Architects conquer the urban space in the book Vertical Living
The housing crisis in increasingly densely populated cities has led to some surprising solutions, generating new volumes despite the limitations. With an eye to sustainability, what’s more.
An exposition on harnessing space. Urban space, in order to build. Managing to find it is an increasingly arduous task these days. Like a treasure hunt that has made a virtue out of necessity – that of architects who, faced with housing emergencies in increasingly densified cities, have come up with surprising and extremely original solutions that manage to create a feeling of space despite the many constraints.
“Densification asks us to design buildings that uniquely fit a local context,” says Chris Precht, architect and author of the introduction to Vertical Living. Compact Architecture for Urban Spaces. Giving cities back their specific, not standardised character. Without losing sight of sustainability and flexibility. “A sustainable densification is more than efficiency, productivity and technology. Sustainability starts where we, as residents, care about the buildings we live in,” he added. The aim is to be able to identify with our own buildings, which in turn should reference the context, the climate, the local cultures, and be an integral part of a “healthy” neighbourhood. As the author admits, this calls for “ingenuity,” because all cities have to offer these days are small slivers of land. This is where the skill and sensitivity of true metropolitan architects come in.
Running to (almost) 300 pages, fresh off the press and containing a wealth of precise descriptive texts and fabulous images, Vertical Living has captured this expertise in an exemplary manner. Starting from the underlying common thread of “maximum impact with minimum space,” we are introduced to rigorously vertical buildings, some more so, some less, slotted into the most unlikely corners, in lots as narrow as fjords or even on top of existing edifices. Always with contemporary comfort uppermost, and often with particular features that conceal internal connection systems, multi-function and space-saving furniture, and windows and stairs of every possible shape and size.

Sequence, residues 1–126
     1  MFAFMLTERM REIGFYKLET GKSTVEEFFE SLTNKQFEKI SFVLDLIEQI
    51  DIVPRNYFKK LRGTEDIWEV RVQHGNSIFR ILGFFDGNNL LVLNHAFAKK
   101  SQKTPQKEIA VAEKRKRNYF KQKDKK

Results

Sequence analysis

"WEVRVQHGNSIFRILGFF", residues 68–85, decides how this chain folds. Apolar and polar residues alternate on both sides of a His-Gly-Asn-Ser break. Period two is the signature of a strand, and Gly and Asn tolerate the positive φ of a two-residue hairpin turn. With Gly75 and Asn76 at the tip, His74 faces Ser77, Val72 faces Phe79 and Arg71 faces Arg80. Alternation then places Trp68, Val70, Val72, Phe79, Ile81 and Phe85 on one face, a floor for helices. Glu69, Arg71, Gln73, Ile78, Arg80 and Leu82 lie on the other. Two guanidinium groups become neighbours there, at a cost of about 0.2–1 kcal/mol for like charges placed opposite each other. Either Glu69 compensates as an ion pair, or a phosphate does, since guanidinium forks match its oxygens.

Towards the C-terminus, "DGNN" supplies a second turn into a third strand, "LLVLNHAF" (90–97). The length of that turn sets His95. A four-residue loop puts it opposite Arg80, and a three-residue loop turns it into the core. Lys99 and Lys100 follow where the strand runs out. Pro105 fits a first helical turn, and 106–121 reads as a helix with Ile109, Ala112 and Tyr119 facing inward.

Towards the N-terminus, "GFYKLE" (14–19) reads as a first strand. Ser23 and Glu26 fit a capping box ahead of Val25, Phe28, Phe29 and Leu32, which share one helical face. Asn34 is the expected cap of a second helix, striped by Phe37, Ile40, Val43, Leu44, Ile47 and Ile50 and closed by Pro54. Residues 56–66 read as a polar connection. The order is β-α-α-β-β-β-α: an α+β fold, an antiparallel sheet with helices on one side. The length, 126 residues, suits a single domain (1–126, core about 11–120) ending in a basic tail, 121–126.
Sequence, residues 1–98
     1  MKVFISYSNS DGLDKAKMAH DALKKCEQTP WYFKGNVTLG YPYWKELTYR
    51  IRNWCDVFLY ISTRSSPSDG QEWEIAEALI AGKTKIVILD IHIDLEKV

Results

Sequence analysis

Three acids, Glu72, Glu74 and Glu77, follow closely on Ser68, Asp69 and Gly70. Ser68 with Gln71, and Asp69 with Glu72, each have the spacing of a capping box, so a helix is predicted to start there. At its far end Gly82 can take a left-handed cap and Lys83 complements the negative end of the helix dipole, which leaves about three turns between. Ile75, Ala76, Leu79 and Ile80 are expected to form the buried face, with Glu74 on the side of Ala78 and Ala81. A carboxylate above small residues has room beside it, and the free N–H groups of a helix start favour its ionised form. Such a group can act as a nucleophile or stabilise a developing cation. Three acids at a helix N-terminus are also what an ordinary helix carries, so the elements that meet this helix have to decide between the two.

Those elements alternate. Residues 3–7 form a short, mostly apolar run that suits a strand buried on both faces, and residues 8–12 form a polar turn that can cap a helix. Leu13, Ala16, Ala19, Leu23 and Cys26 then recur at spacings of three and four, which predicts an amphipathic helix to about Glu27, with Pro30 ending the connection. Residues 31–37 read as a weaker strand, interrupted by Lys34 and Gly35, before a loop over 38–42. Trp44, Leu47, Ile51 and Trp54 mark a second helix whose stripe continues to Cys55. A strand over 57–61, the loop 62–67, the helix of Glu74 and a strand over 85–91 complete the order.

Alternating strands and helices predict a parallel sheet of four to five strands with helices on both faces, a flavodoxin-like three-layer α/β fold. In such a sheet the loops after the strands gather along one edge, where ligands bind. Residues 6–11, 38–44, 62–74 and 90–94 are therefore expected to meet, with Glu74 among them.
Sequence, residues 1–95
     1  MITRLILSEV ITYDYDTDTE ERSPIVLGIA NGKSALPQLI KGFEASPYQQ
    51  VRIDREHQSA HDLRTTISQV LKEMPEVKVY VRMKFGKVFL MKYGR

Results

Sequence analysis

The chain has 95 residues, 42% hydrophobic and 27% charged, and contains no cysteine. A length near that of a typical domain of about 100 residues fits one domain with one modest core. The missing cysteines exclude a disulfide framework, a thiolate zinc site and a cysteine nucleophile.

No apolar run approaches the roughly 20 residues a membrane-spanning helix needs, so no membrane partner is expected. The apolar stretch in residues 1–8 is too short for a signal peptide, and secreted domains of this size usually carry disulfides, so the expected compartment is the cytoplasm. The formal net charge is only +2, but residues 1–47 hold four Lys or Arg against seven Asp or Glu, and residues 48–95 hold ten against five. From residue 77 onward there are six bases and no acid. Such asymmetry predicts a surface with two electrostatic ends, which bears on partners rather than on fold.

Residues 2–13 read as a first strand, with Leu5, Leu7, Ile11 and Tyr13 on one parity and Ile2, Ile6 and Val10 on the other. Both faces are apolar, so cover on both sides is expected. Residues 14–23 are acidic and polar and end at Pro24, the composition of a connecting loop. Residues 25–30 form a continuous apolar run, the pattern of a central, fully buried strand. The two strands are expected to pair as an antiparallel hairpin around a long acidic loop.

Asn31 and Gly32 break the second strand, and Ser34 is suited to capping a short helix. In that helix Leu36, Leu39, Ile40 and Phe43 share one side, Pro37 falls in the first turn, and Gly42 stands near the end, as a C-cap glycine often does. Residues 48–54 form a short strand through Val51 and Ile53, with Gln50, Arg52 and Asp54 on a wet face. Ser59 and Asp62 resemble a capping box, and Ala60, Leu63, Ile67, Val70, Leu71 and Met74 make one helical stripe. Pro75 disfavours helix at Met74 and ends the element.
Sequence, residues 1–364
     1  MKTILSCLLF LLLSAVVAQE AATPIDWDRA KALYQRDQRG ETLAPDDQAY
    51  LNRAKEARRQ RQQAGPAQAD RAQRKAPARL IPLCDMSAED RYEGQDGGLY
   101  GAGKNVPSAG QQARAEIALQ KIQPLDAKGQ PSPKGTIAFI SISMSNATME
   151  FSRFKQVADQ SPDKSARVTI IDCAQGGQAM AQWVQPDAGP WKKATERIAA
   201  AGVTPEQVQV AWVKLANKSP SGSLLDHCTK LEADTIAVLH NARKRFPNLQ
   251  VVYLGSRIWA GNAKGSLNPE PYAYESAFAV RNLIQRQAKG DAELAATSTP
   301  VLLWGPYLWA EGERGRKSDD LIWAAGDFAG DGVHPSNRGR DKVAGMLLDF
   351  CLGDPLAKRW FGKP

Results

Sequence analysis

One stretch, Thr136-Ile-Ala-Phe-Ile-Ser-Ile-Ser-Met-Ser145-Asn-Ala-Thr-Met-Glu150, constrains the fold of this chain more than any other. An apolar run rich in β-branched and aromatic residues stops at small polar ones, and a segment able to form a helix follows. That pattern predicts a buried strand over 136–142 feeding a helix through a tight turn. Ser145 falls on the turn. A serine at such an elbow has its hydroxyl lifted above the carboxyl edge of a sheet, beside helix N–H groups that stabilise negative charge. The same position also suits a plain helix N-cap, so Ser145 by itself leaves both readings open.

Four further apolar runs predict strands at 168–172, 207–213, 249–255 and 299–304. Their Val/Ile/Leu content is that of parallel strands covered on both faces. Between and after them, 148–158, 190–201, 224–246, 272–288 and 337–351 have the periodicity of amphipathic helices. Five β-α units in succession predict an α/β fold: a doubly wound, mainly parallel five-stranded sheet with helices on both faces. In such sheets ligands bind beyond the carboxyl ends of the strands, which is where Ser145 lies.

The book opens with elongated volumes, such as the Promenade House, in Shiga, Japan, by Form / Kouichi Kimura Architects with its astonishing dimensions – 2.7 m wide x 27 m long – and the Ch House in Hanoi by Oddo Architects, on five levels boasting vast apertures and stunning voids filled with flights of stairs and a forest of plants. Yoshinori Sakano Architects’ Nami-Nami House in Tokyo has been carved out of a tiny 22 m2 lot, squeezed between other buildings, while the Slim House, one of the many projects by the London-based practice Alma-nac, which specialises in identifying XS lots (this one is only 2.3 m wide), has a gently sloping roof with large skylights that seek out the natural light.
Other projects interpret neighbouring architecture in a contemporary key, such as The Coach House by Selencky///Parsons, in London, which slots in between two Victorian buildings setting up a play of architraves and window ledges; then there’s Groupwork’s Barretts Grove with its original typical suburban London brick façade; and Robert Marino Architects’ 5.5-metre-wide East Harlem Housing, its narrow windows duetting with those of classic New York buildings. Backing onto a railway viaduct in South London, the experimental Archway Studios by Undercurrent Architects reinterprets a Dickensian slice of London in Corten steel.
Other examples include co-living solutions that balance considerations around emergency housing, environmental impact and quality of life. The historic Fenix warehouse in Rotterdam has become a mixed-use building thanks to Mei Architects and Planners, and now contains offices, cultural centres, a B&B and personalised lofts, while Precht’s Farmhouse, with its vertical modular habitations, allows each resident to tend to their own gardens, bringing down the environmental impact of the building and contributing to the urban greenery.
The anthology states that there’s no such thing as a “one-size-fits-all solution to urban density,” but that every project – from the 12 m2 hut on top of a building in Quito, to the deconstructed parallelepiped in Tokyo, the triangular house in Melbourne, the micro-apartments in Hong Kong and the building shielded by an almost invisible metal screen in Jakarta – ensures that everything is perfectly tailored to its inhabitants. Alta sed apta mihi.
TITLE: Vertical Living. Compact Architecture for Urban Spaces
INTRODUCTION: Chris Precht
PUBLISHED BY: gestalten